Porcelain highlights of Oriental sale

Four key pieces of Oriental art look set to be the highlights in a West Sussex auction house next month, with hopes that a pair of  vases could fetch up to £80,000.

A rare pair of c.1700 Chinese blue and white porcelain tulipièresLeading the way at John Nicholson’s Oriental Sale is an extremely rare pair of c.1700 Chinese blue and white porcelain tulipières, after Dutch delft 17th century originals by Adriaen Kocx.

Each 16¼in (41cm) high vase is formed of two interconnecting parts and shaped as a spire, with moulded square sections to form three tiers of flower holders emanating from masks. The spires are supported on paw feet divided by moulded birds, while each plinth is supported on pad feet and painted with panels of cherubim amid flowers alternating with panels of putti dancing on a fence-bordered terrace.

A similar pair of vases can been seen in the collection of Earl Spencer at Althorp House. This pair were designed to display the highly prized blooms individually in the decades after Tulip mania peaked in the Netherlands, when single bulbs could change hands for vast sums. The vases also have considerable value with an estimate of £60,000-80,000 for the pair.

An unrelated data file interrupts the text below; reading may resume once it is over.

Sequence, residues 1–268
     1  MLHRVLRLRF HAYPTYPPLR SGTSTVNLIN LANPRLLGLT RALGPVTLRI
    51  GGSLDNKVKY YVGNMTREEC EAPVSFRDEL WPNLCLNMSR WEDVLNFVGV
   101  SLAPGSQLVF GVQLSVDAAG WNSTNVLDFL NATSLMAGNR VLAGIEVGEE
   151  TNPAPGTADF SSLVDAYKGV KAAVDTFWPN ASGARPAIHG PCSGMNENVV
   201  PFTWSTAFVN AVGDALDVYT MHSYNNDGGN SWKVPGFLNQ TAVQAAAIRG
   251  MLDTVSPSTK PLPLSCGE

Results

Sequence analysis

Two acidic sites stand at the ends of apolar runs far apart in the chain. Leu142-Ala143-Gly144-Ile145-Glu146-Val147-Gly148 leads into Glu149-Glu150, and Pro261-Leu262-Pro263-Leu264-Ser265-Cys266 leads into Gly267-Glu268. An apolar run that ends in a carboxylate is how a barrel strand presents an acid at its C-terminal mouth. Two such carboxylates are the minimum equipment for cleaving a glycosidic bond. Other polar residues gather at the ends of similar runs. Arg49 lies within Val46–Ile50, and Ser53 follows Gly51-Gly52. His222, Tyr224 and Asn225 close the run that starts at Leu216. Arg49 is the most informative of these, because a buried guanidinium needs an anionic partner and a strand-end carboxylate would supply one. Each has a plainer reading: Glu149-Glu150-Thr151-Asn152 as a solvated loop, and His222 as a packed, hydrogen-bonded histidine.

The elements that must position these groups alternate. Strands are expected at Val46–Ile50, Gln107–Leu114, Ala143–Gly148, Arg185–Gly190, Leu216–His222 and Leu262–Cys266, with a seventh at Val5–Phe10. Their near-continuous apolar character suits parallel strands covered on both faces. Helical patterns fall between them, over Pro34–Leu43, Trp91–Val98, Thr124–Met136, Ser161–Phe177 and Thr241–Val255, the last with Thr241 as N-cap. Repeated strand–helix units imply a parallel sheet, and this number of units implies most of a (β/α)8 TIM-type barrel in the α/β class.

A Chinese moon flaskThe auction also presents a Chinese Yongzheng period, Ming-style blue and white porcelain example of a moon flask, together with a fine quality fitted wood stand. The moon flask is of bianhu form, each slightly domed side painted with a formal arrangement of lotus, while the neck features moulded ruyi scroll handles. The flask is 7½in (19cm) wide at widest point & 10in (25.5cm) high. It carries hopes of £35,000-45,000.

Chinese lime green ground famille rose porcelain vaseThe third highlight in the sale is an early 19th century Chinese lime green ground famille rose porcelain vase. Standing 15½in (39cm), the vase is formed of an ovoid body rising to a waisted neck moulded with pierced elephant-form handles painted in iron-red and gilding. The sides and neck of the vase are painted with formal arrangements of European-inspired flowerheads and scrolling stems reserved on an incised sgraffito ground. It is expected to fetch £10,000-15,000.

Chinese Qianlong period official bronze sealFinally, the sale will offer a rare 18th century Chinese Qianlong period official bronze seal, retaining much of its original gilding. Dated 1760, one side is inscribed December in the 25th year of the Qing Emperor Qianlong, while the other side carries the inscription Qian and the number 12381. The reverse is inscribed The first clan family of the second white banner and is also inscribed Department of the Ministry of Rites. At just 2⅓in (6cm) square and 4in (10cm) long, the guide price is £8000-12,000.

The sale takes place on October 5th.

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